When you take the leap into investing in real estate, you may automatically assume that you’ll be the head honcho, in charge of all the maintenance requests and other duties that come along with owning properties and having tenants. Although there are definitely personalities out there that can manage their own properties along with their other life responsibilities, a lot of people find property management to be a trickier beast than anticipated.
With that being said, you know yourself better than most. So when you’re juggling multiple properties or looking into purchasing your first investment, ask yourself these questions. Hopefully, by the end of the list, you’ll have a pretty good idea if you can make it successfully (and as stress-free as possible) on your own or if you’ll need some help.
1. How many properties do I own (or plan to own) and where are they?
If you live far away from your properties and you own more than one or two, handling complaints and dealing with issues will definitely pose a bit of a challenge. (It may also leave tenants feeling like you’re harder to reach when/if they have issues.) However, if you’re new to investment properties and live within the same town, then it may be cost effective to manage yourself.
2. Do I have other time-consuming responsibilities?
This may seem like a no-brainer question, but although you may realize the responsibilities that accompany owning multiple rental units, you may not fully realize the scope and time-consuming nature of these responsibilities. You don’t want any of the things that you do on a daily basis to suffer from neglect, whether that’s family life or your career, and you certainly don’t want your first rental experience to fail. So acknowledge your responsibilities and take the best course of action.
3. Am I detail-oriented and organized?
This question is especially important to individuals who own multiple properties. This question of organization also extends into the financial realm—maintaining accurate records is crucial.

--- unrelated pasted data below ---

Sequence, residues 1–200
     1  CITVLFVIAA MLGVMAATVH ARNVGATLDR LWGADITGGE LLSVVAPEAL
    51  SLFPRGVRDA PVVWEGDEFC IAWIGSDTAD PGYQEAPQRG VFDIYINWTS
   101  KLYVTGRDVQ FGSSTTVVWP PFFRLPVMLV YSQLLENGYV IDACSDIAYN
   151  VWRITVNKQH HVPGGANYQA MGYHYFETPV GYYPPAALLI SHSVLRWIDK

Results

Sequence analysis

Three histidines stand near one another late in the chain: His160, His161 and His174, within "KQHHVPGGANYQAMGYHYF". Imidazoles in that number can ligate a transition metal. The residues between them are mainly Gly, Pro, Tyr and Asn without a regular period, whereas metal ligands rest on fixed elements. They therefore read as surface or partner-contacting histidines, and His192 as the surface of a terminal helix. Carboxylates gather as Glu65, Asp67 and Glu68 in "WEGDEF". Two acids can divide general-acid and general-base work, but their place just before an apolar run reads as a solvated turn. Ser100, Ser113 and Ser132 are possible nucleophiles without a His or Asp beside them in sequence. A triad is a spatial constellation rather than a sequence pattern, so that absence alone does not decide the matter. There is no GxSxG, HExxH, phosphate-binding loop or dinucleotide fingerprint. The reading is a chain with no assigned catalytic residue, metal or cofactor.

4. Do I have any prior knowledge/experience being a landlord?
This question is multifaceted. To be a landlord, you need to be aware and knowledgeable of the (sometimes frequently changing) laws and regulations of the state in which your properties are. But, there’s also the tenant aspect. Will you be able to handle the stress of dealing with complaints, possible evictions, and confronting tenants about overdue rent?
5. How would I handle an issue?
Being a landlord means being on call every day, all day. Although emergencies are rare (we hope), you’ll need to be able to handle the situation, which also means knowing how to handle the situation (from current laws and codes to just figuring out the best plumber in the area). Good property management companies not only know all of these rules, but they also have established relationships with vendors in the area.
Now that you’ve had some time to reflect and contemplate, how are you feeling? If you’re excited and ready to go, then there’s a good chance that you can make it as your own property manager. If you’re feeling a little uncertain or realize that you totally don’t want the headaches that come along with owning property and having tenants, then give Maureen Bryant and her team a call!